Saturday, June 2, 2012

Problems, Problems, Problems...

The debt crisis in Europe shows no signs of abating, China's growth is slowing to the point where their government is taking action, and US job creation statistics have been disappointing for the 3rd month in a row.

So where do we go from here?

Europe is in a tough spot.  Unfortunately, keeping Greece in the Euro may be a bridge too far.   Financial problems can be issues of liquidity or insolvency.  A liquidity problem is one where the entity in question doesn't have enough cash on hand to pay the bills, but has enough assets (although maybe not liquid) to cover the bills.  Liquidity problems are normally solved by allowing the debtor in question extra time to sell some stuff and raise the cash.  Insolvency is where the debtor doesn't have the cash on hand or the assets to cover the debt.  Greece's problem appears to be one of insolvency in that they can't realistically raise taxes high enough or have a big enough state garage sale to raise the necessary cash.  If true, the Europeans shouldn't throw more good money after bad.  Unpleasant as it is, I think they should shift their attention away from Greece and focus their energy and resources on assisting Spain.  The Spaniards may be solvent.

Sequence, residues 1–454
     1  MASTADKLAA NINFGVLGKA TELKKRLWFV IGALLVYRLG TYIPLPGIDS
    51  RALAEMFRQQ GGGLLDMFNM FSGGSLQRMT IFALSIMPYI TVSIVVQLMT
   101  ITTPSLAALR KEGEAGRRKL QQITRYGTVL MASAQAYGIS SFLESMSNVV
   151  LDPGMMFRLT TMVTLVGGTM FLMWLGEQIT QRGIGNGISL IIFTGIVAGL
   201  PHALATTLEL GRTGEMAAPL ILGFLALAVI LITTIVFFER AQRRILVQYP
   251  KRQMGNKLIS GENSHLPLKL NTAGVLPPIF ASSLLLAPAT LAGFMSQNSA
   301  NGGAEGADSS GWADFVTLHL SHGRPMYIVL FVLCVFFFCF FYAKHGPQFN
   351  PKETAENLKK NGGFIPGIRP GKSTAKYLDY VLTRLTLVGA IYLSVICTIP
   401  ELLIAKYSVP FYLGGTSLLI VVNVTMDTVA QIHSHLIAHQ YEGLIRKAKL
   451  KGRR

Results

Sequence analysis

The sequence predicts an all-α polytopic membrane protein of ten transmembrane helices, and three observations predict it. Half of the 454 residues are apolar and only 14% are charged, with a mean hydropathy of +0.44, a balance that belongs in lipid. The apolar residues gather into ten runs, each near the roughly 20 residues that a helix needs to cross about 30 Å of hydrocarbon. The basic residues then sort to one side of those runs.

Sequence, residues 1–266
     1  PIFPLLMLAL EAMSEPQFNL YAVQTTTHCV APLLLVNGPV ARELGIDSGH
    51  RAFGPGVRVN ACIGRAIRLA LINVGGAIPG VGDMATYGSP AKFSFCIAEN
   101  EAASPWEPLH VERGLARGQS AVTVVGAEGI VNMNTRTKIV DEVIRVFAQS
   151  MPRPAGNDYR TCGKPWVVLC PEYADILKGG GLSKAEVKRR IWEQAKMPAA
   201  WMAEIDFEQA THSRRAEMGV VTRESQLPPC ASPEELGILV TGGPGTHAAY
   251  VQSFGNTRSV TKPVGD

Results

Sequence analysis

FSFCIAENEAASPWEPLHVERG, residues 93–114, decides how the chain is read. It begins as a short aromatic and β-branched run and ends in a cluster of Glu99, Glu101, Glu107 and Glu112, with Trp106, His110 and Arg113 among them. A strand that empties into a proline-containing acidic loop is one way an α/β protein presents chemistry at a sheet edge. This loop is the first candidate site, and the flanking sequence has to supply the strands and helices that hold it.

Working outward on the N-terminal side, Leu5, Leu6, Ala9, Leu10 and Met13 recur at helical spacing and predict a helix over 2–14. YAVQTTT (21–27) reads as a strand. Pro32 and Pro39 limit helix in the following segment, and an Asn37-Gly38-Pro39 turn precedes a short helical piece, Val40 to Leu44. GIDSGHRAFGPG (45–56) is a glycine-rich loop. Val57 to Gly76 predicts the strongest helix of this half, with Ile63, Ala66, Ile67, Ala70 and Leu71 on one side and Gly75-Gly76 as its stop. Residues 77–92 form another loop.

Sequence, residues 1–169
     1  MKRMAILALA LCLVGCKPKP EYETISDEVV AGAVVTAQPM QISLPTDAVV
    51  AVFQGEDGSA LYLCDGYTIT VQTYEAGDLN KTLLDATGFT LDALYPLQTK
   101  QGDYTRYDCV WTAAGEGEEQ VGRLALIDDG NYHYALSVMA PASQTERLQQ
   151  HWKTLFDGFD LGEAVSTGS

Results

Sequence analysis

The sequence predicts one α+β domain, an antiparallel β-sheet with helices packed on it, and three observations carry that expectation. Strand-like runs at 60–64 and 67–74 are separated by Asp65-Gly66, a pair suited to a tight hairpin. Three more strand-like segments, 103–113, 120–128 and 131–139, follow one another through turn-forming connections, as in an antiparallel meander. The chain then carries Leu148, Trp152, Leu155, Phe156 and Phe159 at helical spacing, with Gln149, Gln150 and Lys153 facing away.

The austerity push that has been underway across the Euro zone for a couple of years now is seen as contributing to their problems.  The euros have become Keynesian junkies over the last 50 years, and their economies have an unhealthy dependency on government spending.  Some European leaders (most notably new French president Francois Hollande) want to mutualize European debt and create Eurobonds backed by all EU countries to fund infrastructure projects across Europe to get people back to work.  Such a plan would be asking EU members to 'double down' on their current bet.  Some of the economically stronger EU members (most notably Germany) have co-signers fatigue and aren't too keen on such a plan.

It's hard to see where this is headed, but the June 17 election in Greece should be very interesting.  Voters may back Alexis Tsipras the anti-bailout Syriza party candidate or Antonis Samaras the New Democracy party candidate who has vowed to stick to the terms of the bailout agreement. Unfortunately, either outcome (outright default or continued can kicking) looks highly problematic.

China's problems aren't really too bad considering the state of the rest of the industrialized world.  When people talk about China slowing down, what that really means is that instead of growing at 9% a year, they're growing at 6% a year.  China slowing down does relieve some of the pressure on the world's commodity markets in that China has been a bigger buyer in recent years of oil, iron ore, etc, etc.  The biggest losers here are countries like Australia that supply China with raw materials.

Now to the US.